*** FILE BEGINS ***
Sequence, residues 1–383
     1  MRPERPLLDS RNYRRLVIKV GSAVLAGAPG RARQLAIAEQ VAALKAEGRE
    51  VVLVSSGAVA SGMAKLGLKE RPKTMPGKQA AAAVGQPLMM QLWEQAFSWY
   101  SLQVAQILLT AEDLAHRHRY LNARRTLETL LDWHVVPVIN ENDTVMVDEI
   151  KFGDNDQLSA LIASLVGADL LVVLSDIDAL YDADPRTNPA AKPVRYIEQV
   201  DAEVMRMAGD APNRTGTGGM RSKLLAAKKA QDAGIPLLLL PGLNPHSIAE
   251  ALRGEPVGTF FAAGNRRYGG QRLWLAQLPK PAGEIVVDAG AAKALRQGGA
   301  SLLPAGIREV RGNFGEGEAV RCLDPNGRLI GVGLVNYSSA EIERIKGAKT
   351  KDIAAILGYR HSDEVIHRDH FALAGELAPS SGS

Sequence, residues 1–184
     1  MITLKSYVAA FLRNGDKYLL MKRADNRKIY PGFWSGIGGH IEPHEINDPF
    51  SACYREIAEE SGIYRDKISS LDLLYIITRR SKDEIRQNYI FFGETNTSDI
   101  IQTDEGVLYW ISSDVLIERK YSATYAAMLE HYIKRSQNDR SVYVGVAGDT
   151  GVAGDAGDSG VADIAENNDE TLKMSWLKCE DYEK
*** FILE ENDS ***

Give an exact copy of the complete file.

Sequence, residues 1–383
     1  MRPERPLLDS RNYRRLVIKV GSAVLAGAPG RARQLAIAEQ VAALKAEGRE
    51  VVLVSSGAVA SGMAKLGLKE RPKTMPGKQA AAAVGQPLMM QLWEQAFSWY
   101  SLQVAQILLT AEDLAHRHRY LNARRTLETL LDWHVVPVIN ENDTVMVDEI
   151  KFGDNDQLSA LIASLVGADL LVVLSDIDAL YDADPRTNPA AKPVRYIEQV
   201  DAEVMRMAGD APNRTGTGGM RSKLLAAKKA QDAGIPLLLL PGLNPHSIAE
   251  ALRGEPVGTF FAAGNRRYGG QRLWLAQLPK PAGEIVVDAG AAKALRQGGA
   301  SLLPAGIREV RGNFGEGEAV RCLDPNGRLI GVGLVNYSSA EIERIKGAKT
   351  KDIAAILGYR HSDEVIHRDH FALAGELAPS SGS

Sequence, residues 1–184
     1  MITLKSYVAA FLRNGDKYLL MKRADNRKIY PGFWSGIGGH IEPHEINDPF
    51  SACYREIAEE SGIYRDKISS LDLLYIITRR SKDEIRQNYI FFGETNTSDI
   101  IQTDEGVLYW ISSDVLIERK YSATYAAMLE HYIKRSQNDR SVYVGVAGDT
   151  GVAGDAGDSG VADIAENNDE TLKMSWLKCE DYEK